I first heard about the documentary 3.11: Suriving Japan through its Kickstarter funding drive. The film is produced by American volunteer and filmmaker Christopher Noland, and is critical of the Japanese government’s response to the tsunami and Fukushima nuclear disaster.
I decided to back the Kickstarter and support the movie because director Christopher Noland’s volunteer work seemed incredibly brave to me. He was in Tokyo during the tsunami and he could have gone back to America or stayed away from events. Instead, he risked higher radiation exposure and injury by volunteering near disaster areas and helping devastated communities while producing the film. I was also impressed with his continued efforts to bring the film to completion and have it shown in theaters.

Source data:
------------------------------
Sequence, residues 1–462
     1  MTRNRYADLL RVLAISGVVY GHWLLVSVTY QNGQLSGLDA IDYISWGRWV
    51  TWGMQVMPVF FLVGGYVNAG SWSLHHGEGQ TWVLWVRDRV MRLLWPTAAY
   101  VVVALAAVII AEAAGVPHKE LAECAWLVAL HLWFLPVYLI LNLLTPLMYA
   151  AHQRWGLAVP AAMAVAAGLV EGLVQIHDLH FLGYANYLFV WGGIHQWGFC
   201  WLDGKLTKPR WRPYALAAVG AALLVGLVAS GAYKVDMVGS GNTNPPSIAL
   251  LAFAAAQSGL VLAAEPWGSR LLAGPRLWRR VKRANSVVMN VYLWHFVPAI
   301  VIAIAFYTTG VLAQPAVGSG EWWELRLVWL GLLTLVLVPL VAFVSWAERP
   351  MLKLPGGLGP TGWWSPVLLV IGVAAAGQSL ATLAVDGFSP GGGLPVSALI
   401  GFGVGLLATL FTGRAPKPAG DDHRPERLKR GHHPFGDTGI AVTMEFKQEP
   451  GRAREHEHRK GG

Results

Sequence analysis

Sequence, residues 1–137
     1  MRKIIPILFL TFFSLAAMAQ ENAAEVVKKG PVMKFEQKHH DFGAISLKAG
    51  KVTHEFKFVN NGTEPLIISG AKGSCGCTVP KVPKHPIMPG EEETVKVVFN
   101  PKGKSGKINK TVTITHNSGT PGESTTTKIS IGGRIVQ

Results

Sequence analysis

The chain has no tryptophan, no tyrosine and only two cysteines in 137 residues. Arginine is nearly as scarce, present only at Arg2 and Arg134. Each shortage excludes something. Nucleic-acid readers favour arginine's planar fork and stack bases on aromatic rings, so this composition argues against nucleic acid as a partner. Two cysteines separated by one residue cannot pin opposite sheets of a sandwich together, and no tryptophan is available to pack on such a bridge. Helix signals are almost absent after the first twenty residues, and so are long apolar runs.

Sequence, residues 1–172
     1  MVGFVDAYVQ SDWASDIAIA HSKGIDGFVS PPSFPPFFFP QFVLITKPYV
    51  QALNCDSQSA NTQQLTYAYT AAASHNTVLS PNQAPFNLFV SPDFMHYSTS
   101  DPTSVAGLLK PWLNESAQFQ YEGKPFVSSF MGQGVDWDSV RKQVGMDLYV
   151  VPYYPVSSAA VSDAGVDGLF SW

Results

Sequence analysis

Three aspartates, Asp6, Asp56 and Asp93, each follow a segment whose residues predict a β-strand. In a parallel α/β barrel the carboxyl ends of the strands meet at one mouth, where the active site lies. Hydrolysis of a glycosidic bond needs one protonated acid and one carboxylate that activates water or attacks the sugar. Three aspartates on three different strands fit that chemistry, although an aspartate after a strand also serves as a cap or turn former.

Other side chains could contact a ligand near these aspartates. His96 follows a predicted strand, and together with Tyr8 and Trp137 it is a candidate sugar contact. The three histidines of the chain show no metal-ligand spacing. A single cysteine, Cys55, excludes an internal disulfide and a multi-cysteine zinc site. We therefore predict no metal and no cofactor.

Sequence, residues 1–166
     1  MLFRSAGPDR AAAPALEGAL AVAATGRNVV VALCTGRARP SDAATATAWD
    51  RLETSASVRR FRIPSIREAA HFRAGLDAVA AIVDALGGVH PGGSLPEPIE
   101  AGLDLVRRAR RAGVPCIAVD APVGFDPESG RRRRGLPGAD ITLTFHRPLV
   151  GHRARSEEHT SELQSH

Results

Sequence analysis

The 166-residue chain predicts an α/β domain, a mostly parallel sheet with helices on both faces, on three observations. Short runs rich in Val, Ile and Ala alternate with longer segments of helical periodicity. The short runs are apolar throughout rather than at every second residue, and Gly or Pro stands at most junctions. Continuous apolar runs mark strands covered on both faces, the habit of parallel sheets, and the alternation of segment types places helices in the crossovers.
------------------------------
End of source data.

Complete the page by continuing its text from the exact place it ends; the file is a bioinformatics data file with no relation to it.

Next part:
The movie premiered on 3/11 in San Francisco and the turnout was significantly higher than I expected for an indie film. I asked several of the attendees where they were from and why they decided to come to the premiere. I was told there was an interest in the film because it was produced by an American and there was interest in an American perspective of the disaster. I also discovered many of the attendees lived in Japan and were here in San Francisco on vacation.
After the movie I talked with Jeff, an American expat, and his wife, both pictured above, who told me a story about how they were in America when the tsunami hit. They had the option to stay here, but decided to return to Japan as originally scheduled because it was their home. They described how packed flights from Japan were, and how the plane on their return flight home was almost completely empty.
Overall I enjoyed Surviving Japan. I would suggest the film to anyone interested in a realistic look at the cultural challenges of organizing post-disaster aid and also the Japanese government’s reaction by limiting information on aid benefits to survivors and critical information about radiation risks.